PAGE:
I really enjoyed the on ground stuff though; it to me took the best of what the others did, and made them slightly better, as well as taking the bad aspects of three and making them good. While I didn't fully enjoy most of the ship battles, the aspect of getting around the world with the ship is a nice and interesting way to go about it. Ezio's probably still the best AC character, but Edward is a close second and he's also voiced well which can make certain moments filled with great sense of emotion.


Many people love the ship chants, and while I kind of like them, very early on in the game I found myself making them not sing since I liked the quiet ocean more, and sometimes music of its own would play. It was also somewhat annoying to hear them start the same song over and over, even when you collected new ones on your journey.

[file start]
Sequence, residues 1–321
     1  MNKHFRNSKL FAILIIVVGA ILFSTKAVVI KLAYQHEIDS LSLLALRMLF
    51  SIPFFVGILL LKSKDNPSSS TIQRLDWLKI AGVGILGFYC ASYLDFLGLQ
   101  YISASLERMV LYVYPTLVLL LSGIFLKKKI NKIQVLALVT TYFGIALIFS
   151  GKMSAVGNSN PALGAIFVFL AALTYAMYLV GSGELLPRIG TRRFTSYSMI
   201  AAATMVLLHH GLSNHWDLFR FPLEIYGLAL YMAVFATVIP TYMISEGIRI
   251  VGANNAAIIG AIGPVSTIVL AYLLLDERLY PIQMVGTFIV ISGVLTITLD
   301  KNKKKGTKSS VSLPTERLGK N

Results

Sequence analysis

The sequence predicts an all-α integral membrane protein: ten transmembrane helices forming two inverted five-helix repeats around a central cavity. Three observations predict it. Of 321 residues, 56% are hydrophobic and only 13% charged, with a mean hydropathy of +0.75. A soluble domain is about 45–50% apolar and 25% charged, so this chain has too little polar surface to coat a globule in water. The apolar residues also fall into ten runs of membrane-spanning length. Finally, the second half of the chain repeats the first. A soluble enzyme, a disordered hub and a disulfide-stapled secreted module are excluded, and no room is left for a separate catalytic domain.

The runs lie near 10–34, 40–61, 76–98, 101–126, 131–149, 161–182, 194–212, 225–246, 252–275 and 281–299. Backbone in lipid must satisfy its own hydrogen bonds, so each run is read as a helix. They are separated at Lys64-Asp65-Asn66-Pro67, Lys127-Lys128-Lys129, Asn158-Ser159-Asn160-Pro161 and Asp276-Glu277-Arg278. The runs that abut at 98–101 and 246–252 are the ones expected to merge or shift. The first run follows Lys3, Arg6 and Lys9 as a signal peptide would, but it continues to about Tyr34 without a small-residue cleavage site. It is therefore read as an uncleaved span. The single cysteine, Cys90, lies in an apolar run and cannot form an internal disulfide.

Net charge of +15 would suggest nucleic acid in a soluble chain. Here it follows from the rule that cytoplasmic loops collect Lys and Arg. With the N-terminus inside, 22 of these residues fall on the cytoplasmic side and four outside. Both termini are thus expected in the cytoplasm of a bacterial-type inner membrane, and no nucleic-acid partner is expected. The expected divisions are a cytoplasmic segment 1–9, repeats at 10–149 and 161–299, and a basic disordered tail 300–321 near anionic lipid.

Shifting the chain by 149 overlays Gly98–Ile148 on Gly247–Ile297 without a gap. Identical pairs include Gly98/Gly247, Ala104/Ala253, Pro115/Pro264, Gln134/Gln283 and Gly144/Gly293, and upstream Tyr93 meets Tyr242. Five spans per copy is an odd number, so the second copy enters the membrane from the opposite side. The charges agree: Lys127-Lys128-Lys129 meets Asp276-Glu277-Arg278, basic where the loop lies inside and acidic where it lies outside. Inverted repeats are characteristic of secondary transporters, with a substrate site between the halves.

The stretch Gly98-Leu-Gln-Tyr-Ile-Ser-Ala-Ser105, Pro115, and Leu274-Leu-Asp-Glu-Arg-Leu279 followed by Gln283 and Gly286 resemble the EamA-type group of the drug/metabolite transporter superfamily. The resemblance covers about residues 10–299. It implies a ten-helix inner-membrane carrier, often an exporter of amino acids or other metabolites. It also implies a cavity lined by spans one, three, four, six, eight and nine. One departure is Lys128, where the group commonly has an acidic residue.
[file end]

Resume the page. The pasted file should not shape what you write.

I liked the ship stuff to an extent, but I enjoyed the on ground stuff far more, so it was too bad that the game largely consists of on ocean travel, but it by no means makes the game not great, because it is great. My least favorite experience in the game was simply trying to take the forts. Of course, that's not going to happen if you upgrade, but you may not be determined to find all the stuff for it.


I may go back and do that, but it was more of a pain, because while I really liked and wanted to play the game, I also had other games to play, so I hurried through it while still trying to attain all that can be attained when it came to story stuff and collectibles. I've spent about 18 and a half hours in it so far. The story was pretty good too, but not the most interesting of all of them.